DACCA Diary from InterContinental Hotel by Wall Street Journal’s Peter R Kann
Monday, Dec 13, 1971
A morning paper announces with bold headline, “Enemy Advance Halted,” but longest article in paper is “Specter of Famine Haunts Upper Volta.” From breakfast room, one can watch hotel employee pulling pieces of ack-ack shrapnel out of the swimming pool with a magnet tied to the end of a rope.
Driving to city center during six-hour period when curfew lifted. Much of Bengali population has deserted city, but many Biharis (non-Bengali minority) visible on streets and, of course, the rickshaw peddlers. I see fewer Pakistani flags flying today. “Every sewing machine in Dacca is busy working on Bangladesh flags,” diplomat says.
General A.A.K. Niazi, commander of Pakistan forces in the East, shows up across street from the hotel and gives curbside interview. How is the battle going? “As I planned it.” Will you defend the city? “To the last.” But doesn’t that mean Dacca may be destroyed? “These are the prices of freedom.” What about a cease-fire or surrender? “The army will die. There is no question of surrender. There will be no one left to be repatriated.” Wonder if his troops share the sentiments.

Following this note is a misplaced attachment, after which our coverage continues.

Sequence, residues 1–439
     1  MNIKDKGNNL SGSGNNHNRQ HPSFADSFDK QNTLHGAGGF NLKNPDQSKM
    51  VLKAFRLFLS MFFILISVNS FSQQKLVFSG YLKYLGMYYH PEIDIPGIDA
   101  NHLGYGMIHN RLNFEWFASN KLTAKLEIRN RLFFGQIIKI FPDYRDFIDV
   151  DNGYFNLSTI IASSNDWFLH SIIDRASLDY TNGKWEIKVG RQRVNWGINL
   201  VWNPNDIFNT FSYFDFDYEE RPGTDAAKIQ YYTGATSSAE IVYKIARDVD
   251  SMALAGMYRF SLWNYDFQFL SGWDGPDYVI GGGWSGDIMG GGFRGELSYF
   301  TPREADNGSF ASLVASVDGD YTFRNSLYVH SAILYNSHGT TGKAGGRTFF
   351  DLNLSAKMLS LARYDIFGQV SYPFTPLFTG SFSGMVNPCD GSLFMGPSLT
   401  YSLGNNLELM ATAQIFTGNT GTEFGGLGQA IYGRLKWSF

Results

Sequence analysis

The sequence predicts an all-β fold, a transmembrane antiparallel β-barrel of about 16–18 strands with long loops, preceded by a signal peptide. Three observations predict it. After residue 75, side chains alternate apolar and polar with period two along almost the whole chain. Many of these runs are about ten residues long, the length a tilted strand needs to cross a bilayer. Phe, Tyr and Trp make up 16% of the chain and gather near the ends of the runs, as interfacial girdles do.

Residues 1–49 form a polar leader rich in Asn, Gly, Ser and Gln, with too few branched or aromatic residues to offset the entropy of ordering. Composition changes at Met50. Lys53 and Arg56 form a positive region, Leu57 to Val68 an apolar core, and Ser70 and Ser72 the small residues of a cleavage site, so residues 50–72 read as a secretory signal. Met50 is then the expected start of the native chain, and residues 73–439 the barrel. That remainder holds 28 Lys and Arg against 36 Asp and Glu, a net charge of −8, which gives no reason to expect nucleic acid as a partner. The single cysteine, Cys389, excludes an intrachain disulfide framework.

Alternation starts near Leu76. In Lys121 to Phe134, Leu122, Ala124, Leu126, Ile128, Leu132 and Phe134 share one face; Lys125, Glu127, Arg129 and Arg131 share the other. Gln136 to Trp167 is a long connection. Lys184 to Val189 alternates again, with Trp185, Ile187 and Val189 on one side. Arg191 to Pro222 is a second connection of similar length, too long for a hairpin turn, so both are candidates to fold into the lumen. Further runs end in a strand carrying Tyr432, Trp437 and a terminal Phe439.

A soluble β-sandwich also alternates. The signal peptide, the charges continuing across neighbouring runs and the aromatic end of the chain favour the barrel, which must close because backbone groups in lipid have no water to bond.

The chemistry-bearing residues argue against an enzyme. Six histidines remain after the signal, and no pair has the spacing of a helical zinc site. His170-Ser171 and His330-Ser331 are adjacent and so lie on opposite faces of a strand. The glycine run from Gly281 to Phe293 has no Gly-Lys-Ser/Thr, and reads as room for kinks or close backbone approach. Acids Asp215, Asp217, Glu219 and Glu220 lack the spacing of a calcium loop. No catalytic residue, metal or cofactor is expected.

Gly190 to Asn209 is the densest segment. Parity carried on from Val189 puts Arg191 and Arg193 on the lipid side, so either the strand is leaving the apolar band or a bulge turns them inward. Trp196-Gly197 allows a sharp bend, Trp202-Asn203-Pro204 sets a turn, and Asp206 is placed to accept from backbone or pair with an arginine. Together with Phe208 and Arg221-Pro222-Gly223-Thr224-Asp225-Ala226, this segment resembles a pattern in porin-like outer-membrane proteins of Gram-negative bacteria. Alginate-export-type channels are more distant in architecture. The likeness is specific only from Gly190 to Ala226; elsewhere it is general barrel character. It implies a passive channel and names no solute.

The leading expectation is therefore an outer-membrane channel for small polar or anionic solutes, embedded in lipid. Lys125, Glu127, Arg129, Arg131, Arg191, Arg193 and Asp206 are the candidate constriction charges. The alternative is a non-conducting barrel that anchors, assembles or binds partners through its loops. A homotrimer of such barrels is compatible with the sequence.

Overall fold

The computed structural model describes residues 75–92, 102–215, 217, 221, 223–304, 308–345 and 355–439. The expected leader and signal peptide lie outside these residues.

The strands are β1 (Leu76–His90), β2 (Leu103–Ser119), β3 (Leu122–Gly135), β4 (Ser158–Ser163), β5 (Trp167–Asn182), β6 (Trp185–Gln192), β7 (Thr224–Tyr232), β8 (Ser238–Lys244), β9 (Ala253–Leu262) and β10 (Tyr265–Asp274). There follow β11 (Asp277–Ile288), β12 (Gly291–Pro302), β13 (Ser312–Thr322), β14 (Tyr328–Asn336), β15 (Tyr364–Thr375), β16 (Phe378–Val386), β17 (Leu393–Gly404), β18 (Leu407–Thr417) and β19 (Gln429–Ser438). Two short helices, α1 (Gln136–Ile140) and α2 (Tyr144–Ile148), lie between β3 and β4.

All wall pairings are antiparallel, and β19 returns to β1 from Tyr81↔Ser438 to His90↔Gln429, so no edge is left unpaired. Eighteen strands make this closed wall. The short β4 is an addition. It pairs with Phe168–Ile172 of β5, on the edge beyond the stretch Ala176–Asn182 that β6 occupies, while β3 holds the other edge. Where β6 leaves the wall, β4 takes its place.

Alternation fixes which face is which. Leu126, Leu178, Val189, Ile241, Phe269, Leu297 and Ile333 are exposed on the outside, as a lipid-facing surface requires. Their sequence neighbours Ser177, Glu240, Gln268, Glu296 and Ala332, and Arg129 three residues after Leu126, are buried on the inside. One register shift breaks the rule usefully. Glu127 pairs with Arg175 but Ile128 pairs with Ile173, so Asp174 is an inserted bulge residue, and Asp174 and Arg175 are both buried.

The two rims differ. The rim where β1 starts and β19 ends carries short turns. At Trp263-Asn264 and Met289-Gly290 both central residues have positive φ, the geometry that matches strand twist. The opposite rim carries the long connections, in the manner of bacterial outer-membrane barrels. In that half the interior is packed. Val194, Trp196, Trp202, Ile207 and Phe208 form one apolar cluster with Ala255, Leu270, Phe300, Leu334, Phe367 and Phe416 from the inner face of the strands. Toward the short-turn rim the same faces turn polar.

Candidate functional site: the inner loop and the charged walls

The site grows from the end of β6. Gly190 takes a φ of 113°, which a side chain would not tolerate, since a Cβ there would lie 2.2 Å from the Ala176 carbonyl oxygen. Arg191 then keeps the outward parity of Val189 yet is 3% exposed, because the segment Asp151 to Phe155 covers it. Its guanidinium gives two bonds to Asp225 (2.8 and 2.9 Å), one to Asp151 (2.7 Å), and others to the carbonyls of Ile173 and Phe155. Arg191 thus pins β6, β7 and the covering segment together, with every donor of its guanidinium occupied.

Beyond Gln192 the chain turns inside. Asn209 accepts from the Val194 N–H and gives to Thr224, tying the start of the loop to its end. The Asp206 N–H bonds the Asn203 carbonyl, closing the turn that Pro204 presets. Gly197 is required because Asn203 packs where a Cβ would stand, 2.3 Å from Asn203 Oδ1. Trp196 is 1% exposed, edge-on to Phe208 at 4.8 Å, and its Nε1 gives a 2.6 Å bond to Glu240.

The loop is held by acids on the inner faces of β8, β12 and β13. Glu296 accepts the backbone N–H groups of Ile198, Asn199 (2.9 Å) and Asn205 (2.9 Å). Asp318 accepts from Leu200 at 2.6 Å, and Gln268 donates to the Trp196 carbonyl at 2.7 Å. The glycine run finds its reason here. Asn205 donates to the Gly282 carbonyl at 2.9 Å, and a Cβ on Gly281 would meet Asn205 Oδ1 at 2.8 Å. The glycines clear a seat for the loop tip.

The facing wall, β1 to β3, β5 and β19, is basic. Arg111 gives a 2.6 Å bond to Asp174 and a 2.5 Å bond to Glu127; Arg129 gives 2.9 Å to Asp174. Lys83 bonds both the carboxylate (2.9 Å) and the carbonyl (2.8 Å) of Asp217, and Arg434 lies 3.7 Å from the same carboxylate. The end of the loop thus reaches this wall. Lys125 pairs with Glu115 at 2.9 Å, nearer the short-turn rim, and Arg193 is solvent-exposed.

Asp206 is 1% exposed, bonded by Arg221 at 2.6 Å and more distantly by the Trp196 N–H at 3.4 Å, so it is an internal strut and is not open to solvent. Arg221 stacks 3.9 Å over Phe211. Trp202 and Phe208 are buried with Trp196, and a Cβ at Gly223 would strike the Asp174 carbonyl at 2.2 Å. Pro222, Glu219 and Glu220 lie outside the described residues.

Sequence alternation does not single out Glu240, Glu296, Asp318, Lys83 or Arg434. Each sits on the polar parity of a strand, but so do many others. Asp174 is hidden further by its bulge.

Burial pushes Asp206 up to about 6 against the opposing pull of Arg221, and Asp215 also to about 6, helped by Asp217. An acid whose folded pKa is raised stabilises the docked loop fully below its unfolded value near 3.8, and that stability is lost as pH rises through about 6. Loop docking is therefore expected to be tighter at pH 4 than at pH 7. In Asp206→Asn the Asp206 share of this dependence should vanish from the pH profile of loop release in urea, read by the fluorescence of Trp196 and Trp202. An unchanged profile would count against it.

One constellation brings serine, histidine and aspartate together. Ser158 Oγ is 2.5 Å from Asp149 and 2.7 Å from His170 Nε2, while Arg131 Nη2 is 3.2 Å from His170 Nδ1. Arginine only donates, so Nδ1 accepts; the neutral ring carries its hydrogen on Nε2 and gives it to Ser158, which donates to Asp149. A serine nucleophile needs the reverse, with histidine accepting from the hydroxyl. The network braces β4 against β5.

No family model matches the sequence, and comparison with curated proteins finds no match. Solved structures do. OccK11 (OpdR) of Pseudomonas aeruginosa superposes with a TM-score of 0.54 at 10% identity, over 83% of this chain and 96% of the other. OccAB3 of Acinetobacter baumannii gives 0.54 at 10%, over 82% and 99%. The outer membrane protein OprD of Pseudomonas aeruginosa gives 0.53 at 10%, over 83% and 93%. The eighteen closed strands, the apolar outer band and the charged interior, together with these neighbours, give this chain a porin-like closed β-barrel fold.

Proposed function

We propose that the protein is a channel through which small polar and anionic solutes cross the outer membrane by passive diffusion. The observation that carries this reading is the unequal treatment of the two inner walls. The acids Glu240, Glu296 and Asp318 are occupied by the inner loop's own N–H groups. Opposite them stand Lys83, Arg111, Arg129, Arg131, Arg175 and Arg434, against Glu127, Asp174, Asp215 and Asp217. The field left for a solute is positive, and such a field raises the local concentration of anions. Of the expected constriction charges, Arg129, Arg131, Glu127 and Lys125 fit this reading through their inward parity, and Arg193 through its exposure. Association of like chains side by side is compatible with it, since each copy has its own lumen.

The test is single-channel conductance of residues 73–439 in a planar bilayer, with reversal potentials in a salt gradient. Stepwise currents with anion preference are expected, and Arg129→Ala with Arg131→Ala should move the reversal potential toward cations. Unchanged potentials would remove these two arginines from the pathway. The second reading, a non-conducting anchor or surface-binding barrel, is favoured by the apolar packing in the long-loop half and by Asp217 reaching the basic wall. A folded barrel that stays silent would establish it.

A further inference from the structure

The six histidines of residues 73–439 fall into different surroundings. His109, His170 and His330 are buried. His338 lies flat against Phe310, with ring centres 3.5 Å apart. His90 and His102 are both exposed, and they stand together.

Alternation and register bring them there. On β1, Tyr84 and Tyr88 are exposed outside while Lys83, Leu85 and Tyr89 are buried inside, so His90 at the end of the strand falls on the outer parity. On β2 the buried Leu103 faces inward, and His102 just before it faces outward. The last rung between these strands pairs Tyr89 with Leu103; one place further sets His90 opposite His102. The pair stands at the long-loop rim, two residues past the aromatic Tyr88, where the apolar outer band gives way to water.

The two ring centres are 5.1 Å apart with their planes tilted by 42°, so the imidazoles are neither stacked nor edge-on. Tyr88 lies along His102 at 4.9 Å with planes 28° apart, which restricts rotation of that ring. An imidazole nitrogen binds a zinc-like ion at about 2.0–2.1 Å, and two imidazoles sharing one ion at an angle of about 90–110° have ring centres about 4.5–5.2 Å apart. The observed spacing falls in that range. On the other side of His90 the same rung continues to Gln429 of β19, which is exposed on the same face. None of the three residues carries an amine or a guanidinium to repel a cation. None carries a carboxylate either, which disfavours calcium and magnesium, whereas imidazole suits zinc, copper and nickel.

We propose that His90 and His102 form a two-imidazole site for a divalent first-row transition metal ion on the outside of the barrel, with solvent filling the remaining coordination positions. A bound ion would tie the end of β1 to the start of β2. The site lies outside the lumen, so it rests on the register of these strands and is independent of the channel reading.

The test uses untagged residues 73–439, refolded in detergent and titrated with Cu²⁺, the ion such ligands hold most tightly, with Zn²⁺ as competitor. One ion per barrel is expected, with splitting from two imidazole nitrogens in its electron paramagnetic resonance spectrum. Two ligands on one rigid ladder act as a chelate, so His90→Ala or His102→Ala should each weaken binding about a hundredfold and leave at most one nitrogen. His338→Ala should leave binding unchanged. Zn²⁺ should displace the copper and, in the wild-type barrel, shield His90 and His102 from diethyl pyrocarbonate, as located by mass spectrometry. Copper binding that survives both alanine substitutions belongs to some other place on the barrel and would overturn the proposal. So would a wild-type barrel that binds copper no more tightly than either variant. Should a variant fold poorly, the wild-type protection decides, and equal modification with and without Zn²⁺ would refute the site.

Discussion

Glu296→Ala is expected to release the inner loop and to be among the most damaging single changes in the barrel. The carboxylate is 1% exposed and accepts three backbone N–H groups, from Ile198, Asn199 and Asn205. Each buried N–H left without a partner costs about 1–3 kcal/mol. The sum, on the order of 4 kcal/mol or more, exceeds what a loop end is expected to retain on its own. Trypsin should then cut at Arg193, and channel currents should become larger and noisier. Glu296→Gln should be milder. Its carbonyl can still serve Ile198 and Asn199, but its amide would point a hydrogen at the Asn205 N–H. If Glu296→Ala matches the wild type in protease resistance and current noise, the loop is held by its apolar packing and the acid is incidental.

Small crowd of perhaps 25 Biharis standing around Gen. Niazi chanting, “Pakistan, Zindabad, Pakistan, Zindabad,” meaning, “Long life, Pakistan.” Several are weeping. Several others jumping up and down screaming madly. Rickshaw passes, and Bihari passenger does wild war dance on the seat as Bengali driver pedals on with head bowed. Biharis going out in kind of frenzy of the damned.
The press corps, under the direction of handful of Red Cross people, now has taken over most of the responsibility for security of the hotel, which has been declared a neutral zone. So there’s an early-afternoon security search of all rooms in an effort to confiscate any remaining guns and to try to ascertain how many people are holed up in hotel and who they are. Four more guns found on West Pakistani civilians, some of whom are living six to a room. In the evening, residents meet in a room that used to feature Australian strippers in better days. Rather solemn talk about first aid and fire-fighting equipment, security guard duty, slit trenches.
Peter R Kann joined the staff of The Wall Street Journal in 1964 to become its publisher eventually. In 1972, he earned a Pulitzer for his coverage of the Liberation War of Bangladesh.